Later today the X Prize Foundation is scheduled to announce its next major prize competition, which has been billed as “the largest international prize in history” with a Fortune 500 sponsor. However, there is already one credible report about the prize. According to a blog post by Esther Wojcicki on The Huffington Post, today’s announcement will be the $30-million Google Lunar XPrize. the competition will be for the first privately-developed mission to place a robotic rover on the surface of the Moon. The post includes a link to the prize web site, which currently returns a “404 Not Found” error message. (There’s a typo in the link in the HuffPo post: it should be googlelunarxprize.org, not googlelunarprize.org. The googlelunarxprize.org domain is registered to the X Prize Foundation, according to whois.) The article also references a space section of the Google web site; that, too, also returns a 404 error message early this morning.
If this report is correct, then it is not that surprising. A “real” lunar lander competition had long been discussed as a potential long-term prize, either for the X Prize or NASA’s Centennial Challenges program. (NASA deputy administrator Shana Dale will participate in the prize announcement today in Los Angeles, NASA announced yesterday.) And it’s also not that surprising to see Google taking a lead sponsorship role, given that Google co-founder Larry Page is on the board of trustees of the X Prize Foundation and that Google has hosted some X Prize-related events in the past. It does sound more credible than some of the other ideas that have been floated about, like a point-to-point suborbital space prize.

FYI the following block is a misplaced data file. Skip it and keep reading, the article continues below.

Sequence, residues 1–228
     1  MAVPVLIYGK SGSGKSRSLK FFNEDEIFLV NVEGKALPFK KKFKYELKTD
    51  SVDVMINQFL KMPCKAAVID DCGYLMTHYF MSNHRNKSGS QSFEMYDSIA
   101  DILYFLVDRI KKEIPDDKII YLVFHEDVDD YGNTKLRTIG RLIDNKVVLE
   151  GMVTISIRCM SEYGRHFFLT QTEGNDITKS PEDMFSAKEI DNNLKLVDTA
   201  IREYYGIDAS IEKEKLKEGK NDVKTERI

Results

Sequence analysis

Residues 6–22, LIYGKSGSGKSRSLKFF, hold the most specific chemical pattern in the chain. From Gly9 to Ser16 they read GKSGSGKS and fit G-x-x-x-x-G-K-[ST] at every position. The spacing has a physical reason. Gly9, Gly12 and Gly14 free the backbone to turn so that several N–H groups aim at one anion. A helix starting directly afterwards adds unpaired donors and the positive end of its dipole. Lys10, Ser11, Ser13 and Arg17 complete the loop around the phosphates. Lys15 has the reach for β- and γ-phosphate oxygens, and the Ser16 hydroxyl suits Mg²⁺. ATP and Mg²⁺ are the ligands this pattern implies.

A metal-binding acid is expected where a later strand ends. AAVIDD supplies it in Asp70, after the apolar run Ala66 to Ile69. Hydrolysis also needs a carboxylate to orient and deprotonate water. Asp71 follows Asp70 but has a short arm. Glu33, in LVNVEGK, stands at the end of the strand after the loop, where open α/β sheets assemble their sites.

And why should you trust Esther Wojcicki anyway? She’s a high school journalism teacher in Palo Alto, California. She’s also the mother-in-law of Sergey Brin, the other co-founder of Google, so she’s something of an inside source.